Birds show bewildering diversity in their life histories, mating systems and risk of extinction. Why do albatrosses delay reproduction for the first 12 years of their life while zebra finches breed in their first year ? Why are fairy-wrens so sexually promiscuous while swans show lifelong monogamy? Why are over a quarter of parrot species threatened with global extinction while woodpeckers and cuckoos remain secure?
Some of these topics, such as delayed onset of breeding in seabirds, are classic problems in evolutionary ecology, while others have arisen in the last decade, such as genetic mating systems and extinction. Birds offer a unique opportunity for investigating these questions because they are exceptionally well-studied in the wild. By employing phylogenetic comparative methods and a database of up to 3,000 species, the authors identify the ecological and evolutionary basis of many of these intriguing questions. They also highlight remaining puzzles and identify a series of challenges for future investigation.
This is the most comprehensive reappraisal of avian diversity since David Lack's classic "Ecological Adaptations for Breeding in Birds". It is also the most extensive application of modern comparative methods yet undertaken. This novel approach demonstrates how an evolutionary perspective can reveal the general ecological processes that underpin contemporary avian diversity on a global scale.
Comparative biology of birds
1: Comparative methods
Natural selection and diversity in life histories
2: Diversity among living species
3: Patterns of covariation between life history traits
4: Ecological basis of life history and diversity
5: Further problems
Sexual selection and diversity in mating system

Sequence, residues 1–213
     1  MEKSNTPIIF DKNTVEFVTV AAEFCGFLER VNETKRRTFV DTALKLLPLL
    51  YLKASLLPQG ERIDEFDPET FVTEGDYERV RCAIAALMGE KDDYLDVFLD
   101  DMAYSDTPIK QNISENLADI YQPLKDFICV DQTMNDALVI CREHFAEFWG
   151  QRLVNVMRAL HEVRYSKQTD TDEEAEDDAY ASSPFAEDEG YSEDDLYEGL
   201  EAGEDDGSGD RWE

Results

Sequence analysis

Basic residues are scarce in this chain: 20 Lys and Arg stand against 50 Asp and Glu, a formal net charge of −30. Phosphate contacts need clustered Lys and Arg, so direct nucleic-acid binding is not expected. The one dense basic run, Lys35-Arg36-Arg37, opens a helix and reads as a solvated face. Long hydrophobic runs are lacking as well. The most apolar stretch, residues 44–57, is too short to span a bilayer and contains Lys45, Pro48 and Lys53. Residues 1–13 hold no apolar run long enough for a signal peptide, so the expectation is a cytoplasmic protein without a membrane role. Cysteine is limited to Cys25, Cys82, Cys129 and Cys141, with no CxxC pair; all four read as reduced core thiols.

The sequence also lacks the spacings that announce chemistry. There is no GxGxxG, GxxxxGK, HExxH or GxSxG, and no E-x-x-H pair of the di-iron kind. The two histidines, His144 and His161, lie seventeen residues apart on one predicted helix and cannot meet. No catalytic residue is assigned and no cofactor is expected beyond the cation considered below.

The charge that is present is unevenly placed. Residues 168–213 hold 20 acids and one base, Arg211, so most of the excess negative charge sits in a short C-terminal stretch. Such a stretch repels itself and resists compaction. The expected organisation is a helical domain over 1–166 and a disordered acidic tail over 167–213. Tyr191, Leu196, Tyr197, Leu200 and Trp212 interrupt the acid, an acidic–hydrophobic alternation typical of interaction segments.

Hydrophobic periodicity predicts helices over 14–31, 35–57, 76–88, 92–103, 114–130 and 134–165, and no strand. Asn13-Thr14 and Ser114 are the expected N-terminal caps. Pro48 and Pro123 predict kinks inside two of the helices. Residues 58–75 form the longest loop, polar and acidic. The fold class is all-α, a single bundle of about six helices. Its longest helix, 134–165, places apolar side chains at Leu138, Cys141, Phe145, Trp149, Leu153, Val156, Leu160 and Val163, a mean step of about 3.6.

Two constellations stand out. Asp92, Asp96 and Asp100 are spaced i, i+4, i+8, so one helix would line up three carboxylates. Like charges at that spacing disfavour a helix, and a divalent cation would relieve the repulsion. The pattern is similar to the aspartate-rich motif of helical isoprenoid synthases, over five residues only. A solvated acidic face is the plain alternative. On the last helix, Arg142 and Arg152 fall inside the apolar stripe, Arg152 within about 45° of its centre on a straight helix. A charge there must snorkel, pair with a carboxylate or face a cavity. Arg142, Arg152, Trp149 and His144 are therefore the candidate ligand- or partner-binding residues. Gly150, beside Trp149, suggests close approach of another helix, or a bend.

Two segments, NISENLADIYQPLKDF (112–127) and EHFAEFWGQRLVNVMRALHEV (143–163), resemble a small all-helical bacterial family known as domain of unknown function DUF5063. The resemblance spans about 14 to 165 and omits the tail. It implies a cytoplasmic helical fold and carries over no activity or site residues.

6: Variation in mating systems and sexual dimorphism
7: Ecological basis of mating system diversity
8: Ecological basis of sexual dimorphism
9: Further problems
Birth and death of bird species
10: Variation in extinction risk and species richness
11: Explaining variation and extinction risk
12: Explaining variation in species richness
13: Further problems
"The tradition embodies by Lack is enhanced here by the insights that new approaches can generate."
– David Westneat in Trends in Ecology and Evolution
"I strongly recommend Evolutionary Ecology of Birds to anyone who is interested in a comparative approach to evolutionary ecology. This book, like Lack's, is an exemplar for how to systematically form and test hypotheses using comparative data. As happened after the publiscation of Lack's book, I anticipate a rash of studies that revisit or expand upon the authors' results."
– Tom Langen in Ecology (2002)
"I think that David Lack would applaud the contributions that Bennett & Owens have made [...] "
– Stephen Pruett-Jones in Science
"The authors have written a wonderfully stimulating book which, like Lack's original, is a landmark in bird biology and should be read by all ornithologists."
– Tim Birkhead in IBIS
"I think this is a marvellous book – the most exciting I have read for a long time [...] A terrific text for both final year undergraduates and for graduate courses, as well as required reading for academics working in the field."
– Professor Nick Davies, University of Cambridge